An expert in the field of youth psychiatry, Dr Andrew Thompson works at Orygen, a youth psychiatry clinical research institute, within theUniversity of Melbourne, where he  also holds an academic position. His primary interest is on first episode psychosis, with a main focus on prevention or early intervention of psychosis in order to avoid further detriment of psychological functioning. This is of great importance because the outcome of treatment can be substantially better with early intervention.


Psychosis is characterised by a cluster of symptoms, namely hallucinations, delusions and disturbed thoughts, which create a distorted perception of the world. Psychotic episodes are not immediately present at birth. Rather, peak vulnerability for a first episode is commonly observed around the age of 20. There are a number of risk factors which increase the likelihood of developing this disorder. These risk factors include, but are not limited to, genetics, substance use and traumatic life experiences. A first episode is often triggered by a stressful life event. Psychosis is known to have a prodrome – a period of nonspecific symptoms that occur before the disorder. The prodrome for psychosis is marked by social decline and psychological issues such as depression, paranoia and anxiety and can last for a number of years. Carefully monitoring and investigating the trajectory of this period can potentially create opportunities for intervention to avoid further detriment. In practice, individuals at risk can be identified with a diagnostic interview. One type of treatment in the prodromal phase is medication. However, since not all people in the prodromal phase develop psychosis, medication with its side effects may not be the preferred choice of intervention. Consequently, other less invasive treatments were developed such as talking therapy and nutrition.

Virtual reality therapy

There is special interest in social therapy, since the prodrome is characterised by problems in social functioning. Patients with psychosis may experience difficulty in recognising emotions and can hence misinterpret them. Therefore, training in emotional recognition and theory of mind – the ability to understand the perspective of others – are common focus points in therapy sessions. However, a significant problem for therapists is a disinclination by the patient to attend group therapy due to their anxieties, for example. Virtual Reality offers real potential to improve attendance rates.In the virtual environment each participant can pick their own avatar and then receive treatment in this accommodating setting.. However, this form of therapy is not designed to replace any in-person therapies. Instead, it is a way of increasing accessibility to therapy. While patients can find the idea of sitting in a room with strangers and talking about their problems quite overwhelming, the virtual world encourages an ‘online disinhibition effect’  – an increase in self-disclosure due to the greater sense of anonymity. Given the promising results of his work, Dr. Thompson has received funding to create a new virtual tool to increase the privacy and safety of the patients and to provide a higher degree of control in the design of the virtual environment to effectively target individual differences.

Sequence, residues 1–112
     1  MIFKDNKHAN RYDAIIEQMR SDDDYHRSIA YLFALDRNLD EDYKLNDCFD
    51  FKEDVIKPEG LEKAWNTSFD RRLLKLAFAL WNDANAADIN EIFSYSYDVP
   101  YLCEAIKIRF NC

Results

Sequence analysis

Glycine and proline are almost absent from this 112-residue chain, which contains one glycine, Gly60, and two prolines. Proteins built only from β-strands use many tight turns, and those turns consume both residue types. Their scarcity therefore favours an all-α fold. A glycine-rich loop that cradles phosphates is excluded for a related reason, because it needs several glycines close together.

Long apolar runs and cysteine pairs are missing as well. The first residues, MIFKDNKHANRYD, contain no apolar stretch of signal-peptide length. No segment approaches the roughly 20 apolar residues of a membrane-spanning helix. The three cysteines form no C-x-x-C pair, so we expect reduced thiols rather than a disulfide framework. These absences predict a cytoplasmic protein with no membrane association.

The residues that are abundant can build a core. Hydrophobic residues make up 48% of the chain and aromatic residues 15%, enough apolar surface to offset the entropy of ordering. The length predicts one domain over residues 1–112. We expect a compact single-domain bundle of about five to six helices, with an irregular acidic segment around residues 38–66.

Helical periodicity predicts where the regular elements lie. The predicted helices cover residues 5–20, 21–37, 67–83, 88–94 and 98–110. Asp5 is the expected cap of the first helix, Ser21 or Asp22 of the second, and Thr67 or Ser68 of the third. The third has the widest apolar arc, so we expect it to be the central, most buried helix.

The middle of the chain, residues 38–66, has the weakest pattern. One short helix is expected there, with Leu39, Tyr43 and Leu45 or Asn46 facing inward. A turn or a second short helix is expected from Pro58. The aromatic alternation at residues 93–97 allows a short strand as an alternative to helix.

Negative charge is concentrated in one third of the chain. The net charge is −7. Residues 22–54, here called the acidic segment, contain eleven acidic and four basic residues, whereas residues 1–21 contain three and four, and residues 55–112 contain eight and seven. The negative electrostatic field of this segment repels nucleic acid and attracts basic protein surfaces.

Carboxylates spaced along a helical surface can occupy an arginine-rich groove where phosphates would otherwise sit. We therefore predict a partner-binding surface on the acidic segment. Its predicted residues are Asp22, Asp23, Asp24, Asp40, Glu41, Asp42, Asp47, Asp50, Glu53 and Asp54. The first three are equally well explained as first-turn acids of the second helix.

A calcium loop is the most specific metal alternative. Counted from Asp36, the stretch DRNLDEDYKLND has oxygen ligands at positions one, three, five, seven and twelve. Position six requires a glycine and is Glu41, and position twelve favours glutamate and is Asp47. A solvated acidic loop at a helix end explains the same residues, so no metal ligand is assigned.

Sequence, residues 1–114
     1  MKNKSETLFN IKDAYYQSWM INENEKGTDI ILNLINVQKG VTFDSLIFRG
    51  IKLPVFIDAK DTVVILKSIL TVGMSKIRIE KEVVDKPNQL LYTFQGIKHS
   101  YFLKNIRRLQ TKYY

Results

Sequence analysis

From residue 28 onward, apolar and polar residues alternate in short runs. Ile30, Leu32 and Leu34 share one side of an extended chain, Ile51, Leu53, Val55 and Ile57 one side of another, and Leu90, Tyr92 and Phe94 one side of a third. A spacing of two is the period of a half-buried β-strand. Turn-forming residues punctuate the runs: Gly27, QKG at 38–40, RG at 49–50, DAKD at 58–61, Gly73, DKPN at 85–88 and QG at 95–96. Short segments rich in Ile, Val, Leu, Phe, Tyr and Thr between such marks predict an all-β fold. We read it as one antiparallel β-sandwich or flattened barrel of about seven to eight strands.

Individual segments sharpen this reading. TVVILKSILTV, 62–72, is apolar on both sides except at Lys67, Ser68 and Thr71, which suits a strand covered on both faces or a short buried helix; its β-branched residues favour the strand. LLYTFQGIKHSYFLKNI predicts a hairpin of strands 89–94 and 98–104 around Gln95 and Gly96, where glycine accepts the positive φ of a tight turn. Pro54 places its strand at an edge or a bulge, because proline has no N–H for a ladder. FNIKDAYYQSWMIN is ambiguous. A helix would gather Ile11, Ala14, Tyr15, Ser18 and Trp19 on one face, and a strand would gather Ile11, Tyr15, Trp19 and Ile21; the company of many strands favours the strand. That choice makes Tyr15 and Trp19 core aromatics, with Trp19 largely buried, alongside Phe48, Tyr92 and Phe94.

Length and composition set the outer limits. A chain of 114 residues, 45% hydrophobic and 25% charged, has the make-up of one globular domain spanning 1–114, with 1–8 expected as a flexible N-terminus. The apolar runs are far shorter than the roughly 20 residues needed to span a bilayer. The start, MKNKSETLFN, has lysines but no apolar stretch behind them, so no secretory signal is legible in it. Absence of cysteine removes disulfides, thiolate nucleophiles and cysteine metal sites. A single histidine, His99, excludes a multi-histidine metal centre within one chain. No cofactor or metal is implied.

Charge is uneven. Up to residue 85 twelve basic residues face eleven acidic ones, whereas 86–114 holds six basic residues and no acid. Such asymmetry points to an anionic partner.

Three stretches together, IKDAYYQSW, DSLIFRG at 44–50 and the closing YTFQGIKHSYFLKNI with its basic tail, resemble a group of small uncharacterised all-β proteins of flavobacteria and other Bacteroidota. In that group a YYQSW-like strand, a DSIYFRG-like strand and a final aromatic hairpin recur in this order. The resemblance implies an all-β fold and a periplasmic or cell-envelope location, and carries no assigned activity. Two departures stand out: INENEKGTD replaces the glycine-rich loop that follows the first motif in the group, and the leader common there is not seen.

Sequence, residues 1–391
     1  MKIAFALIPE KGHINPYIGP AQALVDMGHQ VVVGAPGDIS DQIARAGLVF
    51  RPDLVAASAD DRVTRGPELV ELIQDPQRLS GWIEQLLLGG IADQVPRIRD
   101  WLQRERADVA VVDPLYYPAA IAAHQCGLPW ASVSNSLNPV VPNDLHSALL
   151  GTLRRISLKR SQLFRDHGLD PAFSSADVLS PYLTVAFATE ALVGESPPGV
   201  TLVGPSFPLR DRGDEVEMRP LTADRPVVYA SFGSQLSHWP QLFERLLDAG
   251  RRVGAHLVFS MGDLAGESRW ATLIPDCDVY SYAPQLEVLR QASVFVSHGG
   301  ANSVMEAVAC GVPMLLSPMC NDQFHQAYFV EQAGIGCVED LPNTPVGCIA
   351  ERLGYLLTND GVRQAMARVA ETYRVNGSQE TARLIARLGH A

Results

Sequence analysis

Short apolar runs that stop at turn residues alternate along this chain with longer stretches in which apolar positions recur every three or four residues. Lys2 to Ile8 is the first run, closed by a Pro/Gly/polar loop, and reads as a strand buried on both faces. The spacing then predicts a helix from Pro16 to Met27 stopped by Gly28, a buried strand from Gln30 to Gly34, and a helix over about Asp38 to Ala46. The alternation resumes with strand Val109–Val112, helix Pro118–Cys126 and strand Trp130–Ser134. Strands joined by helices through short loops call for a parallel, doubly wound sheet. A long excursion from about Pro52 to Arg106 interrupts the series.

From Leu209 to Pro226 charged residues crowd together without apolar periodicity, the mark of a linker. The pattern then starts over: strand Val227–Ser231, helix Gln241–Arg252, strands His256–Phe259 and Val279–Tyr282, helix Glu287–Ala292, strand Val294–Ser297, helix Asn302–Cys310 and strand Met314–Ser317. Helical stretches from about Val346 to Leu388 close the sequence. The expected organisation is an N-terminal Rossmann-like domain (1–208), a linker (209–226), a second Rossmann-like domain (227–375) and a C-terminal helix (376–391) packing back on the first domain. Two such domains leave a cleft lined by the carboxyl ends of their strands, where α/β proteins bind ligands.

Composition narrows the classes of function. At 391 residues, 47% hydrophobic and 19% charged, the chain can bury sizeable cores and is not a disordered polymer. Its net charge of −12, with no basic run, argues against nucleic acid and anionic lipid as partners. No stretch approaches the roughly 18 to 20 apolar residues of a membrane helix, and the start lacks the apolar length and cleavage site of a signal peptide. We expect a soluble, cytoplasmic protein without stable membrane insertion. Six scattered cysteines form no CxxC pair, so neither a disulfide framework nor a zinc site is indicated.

Embodiment of hallucinations and exposure

The potential of VR in treating psychosis is not limited to virtual group therapy sessions. VR may also have great potential in treatment. One notable study, performed by the VR research group at King’s College London, paired the auditory hallucinations of patients with virtually designed faces. Thus, technology is used to embody thoughts. This externalisation of hallucinations allows the patient to learn techniques to control, dismiss and challenge the imagined voices. In addition, VR has been proven to be of great value in treating anxiety. Avoidance is a commonly deployed tactic by humans faced with fear, however, avoidance increases anxiety in future encounters, thereby creating a downward spiral. Exposure is therefore crucial in treating anxiety and this is a key benefit of VR – it makes it possible to expose patients to normally highly distressing situations in a safe, personalised and controlled fashion. In this gentle, but at the same time provoking immersive environment, the anxiety can be treated safely and effectively.


In summary, virtual realities have demonstrated to be of great value in treating psychosis. Remote therapy sessions with increased patient attendance and self-disclosure can be held, hallucinations can be embodied and safe environments can be simulated to effectively treat individuals suffering from this distressing disorder. The benefit of virtual realities is also accentuated by the current pandemic constraints and promising technologies are on their way.

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